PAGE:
Designing for packaging sustainability

PTI Sustainable Design AdobeStock_247365230

You can’t have a packaging discussion today without the environmental attributes of a given package being part of the conversation.  As consumer pressure has increased, we would all agree that the discussion is front and center of most products brought to market today.  If your package is perceived negatively, it will have a dramatic impact on whether or not it will become a marketplace success. 

To help facilitate the conversation for package producers, here are some tips that should help guide you on the right path.

Perform an end-of-life evaluation of the package at the beginning of the design process.

Specifically, what do you want customers to do with the package after consumption? What are the package attributes/material types that will facilitate that action?

In order for the discussion to be productive, it needs align with your target consumers’ objectives. For example, is your product being sold to a consumer segment that is interested in recyclable and/or sustainable packaging?  There are some demographics/market segments for which recyclability is not a major purchase driver. 

If that’s the case, should you be spending time and money giving them something they don’t want?  (We know that not wanting to recycle is considered blasphemous in this day and age, but there are those who still don’t want to make the effort.  It’s about understanding your target market and acting accordingly.)

Conversely, if the goal is to increase packaging recyclability among consumers who are not as likely to recycle, think about incorporating an incentive to recycle/reuse it. An example would be a social media campaign that creates engagement when someone comes up with a creative way to reuse the packaging.

If the product is intended to be reused by the consumer after initial use, consider the following design elements.

For example, if the package is intended/needed to be hand washed, ensure the finish is wide enough for any remaining contents to be removed and for the consumer to wash. If hand washing isn’t required for cleaning, make sure it is made of dishwasher safe components/materials.

Could the package have an alternative use that could add to the value? If so, perhaps that use could be considered in the design, such as a soap dispenser that was beautiful enough to be a vase after the contents were emptied? Would that increase sales or brand loyalty? Alternatively, the packaging may use light weight refill cartridges and improve sustainability through multiple use.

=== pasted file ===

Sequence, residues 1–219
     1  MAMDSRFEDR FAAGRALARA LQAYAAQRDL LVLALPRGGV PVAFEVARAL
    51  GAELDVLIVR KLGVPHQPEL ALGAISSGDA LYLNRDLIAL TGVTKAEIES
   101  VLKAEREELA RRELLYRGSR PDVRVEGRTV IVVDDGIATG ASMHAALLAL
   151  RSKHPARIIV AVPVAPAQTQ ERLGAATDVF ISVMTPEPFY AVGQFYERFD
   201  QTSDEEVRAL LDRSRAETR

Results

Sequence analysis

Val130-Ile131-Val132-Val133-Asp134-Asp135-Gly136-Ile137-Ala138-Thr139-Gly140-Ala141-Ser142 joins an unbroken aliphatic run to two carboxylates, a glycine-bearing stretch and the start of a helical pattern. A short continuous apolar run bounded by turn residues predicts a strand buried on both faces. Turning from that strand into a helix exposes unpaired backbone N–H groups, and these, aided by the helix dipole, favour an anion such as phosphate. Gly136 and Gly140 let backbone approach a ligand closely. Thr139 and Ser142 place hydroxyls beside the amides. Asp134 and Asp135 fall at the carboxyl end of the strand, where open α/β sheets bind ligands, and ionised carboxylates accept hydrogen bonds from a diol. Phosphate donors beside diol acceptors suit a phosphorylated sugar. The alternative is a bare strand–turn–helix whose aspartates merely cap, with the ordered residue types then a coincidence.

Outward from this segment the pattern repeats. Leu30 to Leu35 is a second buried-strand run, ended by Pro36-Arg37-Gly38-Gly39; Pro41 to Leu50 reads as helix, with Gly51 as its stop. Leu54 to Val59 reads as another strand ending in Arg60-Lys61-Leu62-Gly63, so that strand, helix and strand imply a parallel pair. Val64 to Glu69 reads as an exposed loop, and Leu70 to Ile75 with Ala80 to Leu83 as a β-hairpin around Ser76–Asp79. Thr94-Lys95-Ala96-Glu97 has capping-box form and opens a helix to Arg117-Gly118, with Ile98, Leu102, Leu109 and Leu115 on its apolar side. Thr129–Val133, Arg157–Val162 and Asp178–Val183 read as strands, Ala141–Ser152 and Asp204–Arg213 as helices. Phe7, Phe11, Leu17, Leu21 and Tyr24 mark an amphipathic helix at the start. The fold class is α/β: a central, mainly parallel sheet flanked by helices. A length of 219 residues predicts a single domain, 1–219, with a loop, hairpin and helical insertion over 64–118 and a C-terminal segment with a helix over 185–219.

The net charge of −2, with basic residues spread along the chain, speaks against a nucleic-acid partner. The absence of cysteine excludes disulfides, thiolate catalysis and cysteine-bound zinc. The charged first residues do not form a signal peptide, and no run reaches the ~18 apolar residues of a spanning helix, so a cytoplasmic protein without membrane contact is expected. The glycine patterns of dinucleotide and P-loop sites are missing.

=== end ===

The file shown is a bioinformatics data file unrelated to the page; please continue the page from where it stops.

If you have a specific reuse intent, it can be communicated via a QR code or label copy that provides instructions on that intent. This will also allow you to track consumer views so you can track engagement with the product to measure success.

If the product is intended to be recycled, consider the following elements when creating your design:

  • Make sure that the size of the packaging will pass the size sortation process at the recycling location.
  • Carefully select your materials so that they are recyclable. Don’t overlook things like barrier layers, colorants and labels.
  • Ensure that the geographic location in which your product is likely to be used has an available recycling infrastructure.
  • Make the recycling attribute more visible on the package/label. Remind them that the package is recyclable and maybe even include a QR code that shows the nearest recycling bin/collection facility to where they are located in case they don’t have home recycling pick up.
  • When determining a label type, be sure that the label and the adhesive can easily be removed so that it doesn’t contaminate the recycling stream.
  • Incorporate recycling best practices on the bottle such as keeping the cap on, removing the label and flattening the bottle (if they are applicable to your design).

Conclusion

Although the issue of sustainability is a complex one, we know that it is here to stay.  Collectively, we need to become more creative and more focused on putting packages into the marketplace that will help achieve recycling objectives.

 

Sumit Mukherjee of PTISumit Mukherjee is the chief technology officer of PTI (Holland, OH). He has 25 years of experience in preform and container design, materials characterization, process simulation and modeling, and finite element analysis (FEA) for package performance prediction.

PTI is recognized worldwide as a major source for preform and package design, package development, rapid prototyping, pre-production prototyping, and material evaluation engineering for the plastic packaging industry. For more information: www.pti-usa.com.

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